Paging Mr. Turner
by Roberto Friedman
Recently found in the arts pages of The New York Times: "The honor of the week's best film [at the New York Film Festival] belongs to Mike Leigh's Mr. Turner. Its artistic title character is magnificently embodied by Timothy Spall."
Veteran tourists in London know what it means to go see the Turners at the Tate. The Tate Museum houses the world's largest collection of oil paintings, watercolors and sketches by the 19th-century artist Joseph Mallord William Turner, better known as J.M.W. Turner. But little has been known about his personal life until now, with the esteemed British director Mike Leigh's biopic Mr. Turner. Besides illustrating Turner's love of light and how it plays off the sea and ships and mountains, Leigh depicts the painter as bouncing from one sexual relationship to another. It's the role of a lifetime for Timothy Spall, a regular in Leigh's acting troupe who won Best Actor honors at the Cannes Film Festival and is on many critics' short list for an Oscar nomination. Meanwhile, an exhibition of Turner's works is coming to the de Young Museum in San Francisco in June 2015.
Courtesy of Sony Pictures Classics, the Mostly British Film Festival will be showing Mr. Turner at 6:30 p.m. on Thurs., Nov. 13, at the Vogue Theater, more than a month before the film begins its regular run. Best of all, Spall will be at the Vogue for a Q&A following the screening. The event is free, but you must e-mail your request for tickets (two is the limit) to firstname.lastname@example.org. You will get a confirmation, which you should bring to the theater that night. You will also get a preview of the Mostly British Film Festival, coming up on Feb. 12-19, 2015, and be able to buy a festival pass at the discounted price of $100. Sounds like a pretty good deal to us.
The UC Berkeley Art Museum and Pacific Film Archive [BAM/PFA ] has announced the closing performances for its after-gallery-hours program L@TE: Friday Nights @ BAM/PFA. As BAM/PFA plans to close its Brutalist-style galleries building to the public in late December in preparation for its move to a new building in downtown Berkeley in early 2016, the December L@TE offering will be its last. Here's the promo:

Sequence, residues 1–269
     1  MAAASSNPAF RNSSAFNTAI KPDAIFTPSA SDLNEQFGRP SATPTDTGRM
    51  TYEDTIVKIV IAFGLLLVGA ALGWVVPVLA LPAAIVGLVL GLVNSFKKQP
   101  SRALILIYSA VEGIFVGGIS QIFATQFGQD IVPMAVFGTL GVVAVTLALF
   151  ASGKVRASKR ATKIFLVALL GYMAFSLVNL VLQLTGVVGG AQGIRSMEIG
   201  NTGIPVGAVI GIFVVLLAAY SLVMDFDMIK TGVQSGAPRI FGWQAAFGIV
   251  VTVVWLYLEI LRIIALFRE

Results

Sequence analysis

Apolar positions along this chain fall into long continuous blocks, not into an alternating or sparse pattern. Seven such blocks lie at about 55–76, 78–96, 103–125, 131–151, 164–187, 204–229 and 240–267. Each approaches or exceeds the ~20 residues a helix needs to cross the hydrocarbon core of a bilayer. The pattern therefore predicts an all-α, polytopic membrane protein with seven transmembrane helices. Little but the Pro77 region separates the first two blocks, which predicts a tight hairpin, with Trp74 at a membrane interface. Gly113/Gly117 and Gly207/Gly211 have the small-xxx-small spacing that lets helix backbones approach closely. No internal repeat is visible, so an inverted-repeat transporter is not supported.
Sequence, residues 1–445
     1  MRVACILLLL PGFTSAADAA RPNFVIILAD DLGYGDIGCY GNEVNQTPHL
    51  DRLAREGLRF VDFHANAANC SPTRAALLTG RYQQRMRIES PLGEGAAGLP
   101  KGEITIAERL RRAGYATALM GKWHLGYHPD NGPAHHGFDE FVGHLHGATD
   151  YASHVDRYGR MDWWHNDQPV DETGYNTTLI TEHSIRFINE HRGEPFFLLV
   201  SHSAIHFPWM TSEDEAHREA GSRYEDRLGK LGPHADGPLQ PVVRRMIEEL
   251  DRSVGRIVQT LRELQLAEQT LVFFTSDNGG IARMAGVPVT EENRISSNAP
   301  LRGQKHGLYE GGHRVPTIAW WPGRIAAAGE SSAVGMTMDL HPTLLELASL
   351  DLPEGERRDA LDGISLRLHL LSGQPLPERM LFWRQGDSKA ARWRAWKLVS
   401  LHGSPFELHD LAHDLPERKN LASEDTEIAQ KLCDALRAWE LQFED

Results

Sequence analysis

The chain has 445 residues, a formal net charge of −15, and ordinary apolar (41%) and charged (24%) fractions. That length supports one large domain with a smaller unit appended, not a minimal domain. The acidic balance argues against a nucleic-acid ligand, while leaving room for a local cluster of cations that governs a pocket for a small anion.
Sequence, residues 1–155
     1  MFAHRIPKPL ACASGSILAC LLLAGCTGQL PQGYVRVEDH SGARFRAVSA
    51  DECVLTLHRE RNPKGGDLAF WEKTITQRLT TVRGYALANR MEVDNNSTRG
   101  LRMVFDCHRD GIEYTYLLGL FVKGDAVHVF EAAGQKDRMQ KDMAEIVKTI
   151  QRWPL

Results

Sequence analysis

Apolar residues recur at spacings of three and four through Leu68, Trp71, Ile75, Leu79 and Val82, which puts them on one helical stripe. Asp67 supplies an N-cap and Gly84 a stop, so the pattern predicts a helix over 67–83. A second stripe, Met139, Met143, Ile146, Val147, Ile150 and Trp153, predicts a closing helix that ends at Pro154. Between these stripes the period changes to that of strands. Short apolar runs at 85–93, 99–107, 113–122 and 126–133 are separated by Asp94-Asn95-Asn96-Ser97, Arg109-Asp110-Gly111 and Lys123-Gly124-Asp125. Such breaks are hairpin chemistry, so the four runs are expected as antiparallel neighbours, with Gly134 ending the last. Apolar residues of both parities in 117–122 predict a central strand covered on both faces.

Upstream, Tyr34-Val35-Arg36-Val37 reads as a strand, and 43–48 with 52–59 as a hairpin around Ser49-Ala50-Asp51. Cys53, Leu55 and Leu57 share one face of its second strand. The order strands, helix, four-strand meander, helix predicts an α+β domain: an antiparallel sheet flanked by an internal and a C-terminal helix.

"Fittingly, the L@TE series will finish where it began with a performance by the iconic composer/pianist Terry Riley on Dec. 5. Riley opened the series in November 2009, and he has since returned every fall but one to perform. A trailblazer of Minimalism with a breadth of influence that spans across the classical, electronic, and rock worlds, and a devotee of Hindustani classical music as well as jazz, Riley remains one of the most dynamic compositional voices of the past century. Always highly anticipated, his performances possess an intimate character, with patrons seated or lying on the floor with pillows and blankets, surrounding the artist and his piano. Earlier in his career, Riley was known to play extraordinarily long sets, often running deep into the night and into the next morning. Approaching his 80th birthday next summer, Riley will perform for a lengthy three hours, joined by his son, guitarist and composer Gyan Riley."
Before this last in the series, Dalalaeoa: Music for Cellos & Electronics plays on Nov. 7; Inverness, CA-based musician and composer Jeremy Harris performs on Nov. 14; and pioneering avant-garde composer Pauline Oliveros and Thingamajigs Performance Group play L@TE on Nov. 21. You can find the complete listings at bampfa.berkeley.edu.
Photo: Jeanette Yu
This week, the San Francisco Symphony's Oct. 23 & 25 concerts (Thurs. & Sat.) include longtime SFS pianist Robin Sutherland, much beloved in the community, taking a solo turn in Bach's Keyboard Concerto No. 3. SFS concertmaster Sasha Barantschik is leading the entire program, and he's also soloing in "Summer" from The Four Seasons, as well as performing a Bach Concerto for two violins with another SFS violinist, Dan Carlson.
As a SFS spokesperson confided to Out There, "We're always excited when our musicians get to take center stage, especially a musician as popular as Robin!" Besides the Vivaldi and Bach, the program includes Tchaikovsky's Sextet in D minor for Strings, Op. 70, Souvenir de Florence. Both concerts begin promptly at 8 p.m.
This is also one of the Symphony's "split weeks," in which they offer a second program as well, with maestro Christian Zacharias conducting Copland's great Appalachian Spring. Mozart's Piano Concerto No. 20 in D minor, Morton Feldman's Madame Press Died Last Week at Ninety (first SFS performances) and Haydn's Symphony No. 93 in D Major complete the program. That's on tap at Davies Hall on Fri., Oct. 24, at 6:30 p.m.; and Sat., Oct. 25, 8 p.m., at the Mondavi Center, UC Davis. For more info and tickets for both programs, go to sfsymphony.org.